Middle East


Expanding Suffrage

Just weeks before Kuwait's July elections, the emir, Sheik Jaber al-Ahmed al-Sabah, stunned the nation with a decree allowing women to vote in future elections and to run for public office. So far, public reaction has been mixed, writes London's conservative newsmagazine The Economist.

The decree will not take effect until after July and awaits approval from the new parliament. Feminists remain pessimistic as to how many women will register to vote, let alone run for office, in male-dominated Kuwait. The move has drawn the ire of Islamists, who, The Economist says, view the decree as an "attempt to undermine Ku-wait's traditional Islamic culture with Western values."

But Kuwaiti women and the local press are more sanguine. Writing in the Palestinian expatriate Al-Quds al-Arabi of London, Luke Phillips says that hundreds of Kuwaiti women gathered at the emir's palace to express their thanks, while newspapers have called the decree "historic."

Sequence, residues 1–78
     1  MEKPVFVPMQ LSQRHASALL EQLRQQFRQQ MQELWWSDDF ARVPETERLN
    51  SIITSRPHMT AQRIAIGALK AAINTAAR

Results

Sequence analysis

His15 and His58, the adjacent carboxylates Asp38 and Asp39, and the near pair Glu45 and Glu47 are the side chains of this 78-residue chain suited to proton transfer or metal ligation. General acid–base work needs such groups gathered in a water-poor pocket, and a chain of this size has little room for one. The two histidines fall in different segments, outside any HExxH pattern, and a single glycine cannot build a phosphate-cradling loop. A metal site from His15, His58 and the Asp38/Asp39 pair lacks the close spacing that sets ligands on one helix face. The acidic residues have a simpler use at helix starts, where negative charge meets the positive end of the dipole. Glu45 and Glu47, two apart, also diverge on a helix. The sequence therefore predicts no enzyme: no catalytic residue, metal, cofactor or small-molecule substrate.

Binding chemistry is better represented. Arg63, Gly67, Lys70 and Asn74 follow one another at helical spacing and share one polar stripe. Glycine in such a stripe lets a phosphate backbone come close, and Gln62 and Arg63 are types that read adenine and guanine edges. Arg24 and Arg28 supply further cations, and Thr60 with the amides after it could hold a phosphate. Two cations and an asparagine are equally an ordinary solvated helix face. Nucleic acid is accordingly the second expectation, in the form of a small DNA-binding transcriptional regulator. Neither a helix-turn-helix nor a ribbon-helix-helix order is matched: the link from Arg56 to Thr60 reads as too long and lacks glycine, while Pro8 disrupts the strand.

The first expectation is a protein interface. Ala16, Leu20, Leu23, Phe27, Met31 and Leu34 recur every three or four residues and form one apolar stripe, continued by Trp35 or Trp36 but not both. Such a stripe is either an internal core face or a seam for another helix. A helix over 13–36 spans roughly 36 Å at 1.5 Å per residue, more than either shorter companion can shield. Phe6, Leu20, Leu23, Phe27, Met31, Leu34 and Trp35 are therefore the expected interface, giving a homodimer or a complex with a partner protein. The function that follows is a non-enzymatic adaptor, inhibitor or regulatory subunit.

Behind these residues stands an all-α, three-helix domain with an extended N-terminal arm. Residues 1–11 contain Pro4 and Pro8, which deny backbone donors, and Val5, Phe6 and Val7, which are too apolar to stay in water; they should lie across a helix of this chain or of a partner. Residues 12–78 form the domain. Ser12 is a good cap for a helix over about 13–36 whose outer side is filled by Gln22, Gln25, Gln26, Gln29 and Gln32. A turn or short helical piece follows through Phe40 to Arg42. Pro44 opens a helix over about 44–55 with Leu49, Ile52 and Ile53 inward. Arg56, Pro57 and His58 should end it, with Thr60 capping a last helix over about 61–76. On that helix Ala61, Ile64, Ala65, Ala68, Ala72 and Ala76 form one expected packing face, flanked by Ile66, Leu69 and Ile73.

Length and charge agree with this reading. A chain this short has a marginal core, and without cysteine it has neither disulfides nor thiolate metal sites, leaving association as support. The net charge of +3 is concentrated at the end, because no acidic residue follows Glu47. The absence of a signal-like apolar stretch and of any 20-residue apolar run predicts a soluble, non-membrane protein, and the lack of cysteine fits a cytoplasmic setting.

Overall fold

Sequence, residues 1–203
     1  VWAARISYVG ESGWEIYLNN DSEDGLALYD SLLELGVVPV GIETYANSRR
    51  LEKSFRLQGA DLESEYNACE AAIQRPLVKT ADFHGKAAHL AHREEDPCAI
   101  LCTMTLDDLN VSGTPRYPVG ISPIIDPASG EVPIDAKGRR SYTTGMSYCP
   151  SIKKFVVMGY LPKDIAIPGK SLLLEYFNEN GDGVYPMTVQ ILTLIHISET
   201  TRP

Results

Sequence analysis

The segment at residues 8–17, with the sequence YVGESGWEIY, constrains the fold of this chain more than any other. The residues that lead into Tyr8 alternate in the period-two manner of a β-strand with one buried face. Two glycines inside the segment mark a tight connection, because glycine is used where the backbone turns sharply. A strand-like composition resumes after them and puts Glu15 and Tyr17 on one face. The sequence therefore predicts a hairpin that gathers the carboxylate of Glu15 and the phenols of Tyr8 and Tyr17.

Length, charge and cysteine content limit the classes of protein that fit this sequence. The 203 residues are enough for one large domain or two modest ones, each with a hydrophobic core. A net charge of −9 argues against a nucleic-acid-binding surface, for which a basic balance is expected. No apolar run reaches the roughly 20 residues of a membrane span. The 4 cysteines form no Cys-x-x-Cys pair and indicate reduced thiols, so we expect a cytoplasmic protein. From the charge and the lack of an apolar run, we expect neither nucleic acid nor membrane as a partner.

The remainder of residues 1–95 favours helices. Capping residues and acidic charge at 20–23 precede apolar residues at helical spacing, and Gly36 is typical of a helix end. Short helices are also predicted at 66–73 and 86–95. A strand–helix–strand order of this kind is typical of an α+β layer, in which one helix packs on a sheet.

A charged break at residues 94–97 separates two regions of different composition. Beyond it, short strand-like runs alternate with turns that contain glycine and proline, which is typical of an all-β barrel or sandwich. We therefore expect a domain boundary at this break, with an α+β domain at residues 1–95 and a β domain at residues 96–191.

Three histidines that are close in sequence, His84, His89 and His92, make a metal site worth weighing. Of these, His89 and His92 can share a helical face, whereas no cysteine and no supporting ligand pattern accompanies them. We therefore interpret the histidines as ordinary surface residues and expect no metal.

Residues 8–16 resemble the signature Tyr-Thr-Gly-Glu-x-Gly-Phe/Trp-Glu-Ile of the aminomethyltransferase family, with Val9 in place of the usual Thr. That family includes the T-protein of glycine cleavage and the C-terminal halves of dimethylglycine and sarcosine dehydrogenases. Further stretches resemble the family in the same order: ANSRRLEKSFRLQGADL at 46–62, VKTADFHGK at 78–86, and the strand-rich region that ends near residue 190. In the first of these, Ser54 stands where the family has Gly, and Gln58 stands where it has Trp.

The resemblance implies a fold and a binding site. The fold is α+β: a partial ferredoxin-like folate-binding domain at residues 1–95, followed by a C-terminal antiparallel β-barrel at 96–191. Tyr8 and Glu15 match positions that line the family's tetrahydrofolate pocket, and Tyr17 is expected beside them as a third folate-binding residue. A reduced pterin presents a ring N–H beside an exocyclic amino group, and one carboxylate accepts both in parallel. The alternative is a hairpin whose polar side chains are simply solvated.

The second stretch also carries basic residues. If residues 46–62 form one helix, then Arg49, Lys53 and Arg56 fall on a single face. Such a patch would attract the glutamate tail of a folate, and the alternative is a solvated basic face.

Some interpret the emir's decision as a wake-up call to Kuwait's parliament, which has managed to pass only four laws in three years. According to The Economist, "Many Kuwaitis suspect that the emir took such a dramatic step ... to highlight how little the obstreperous ideological types in the outgoing parliament had actually achieved."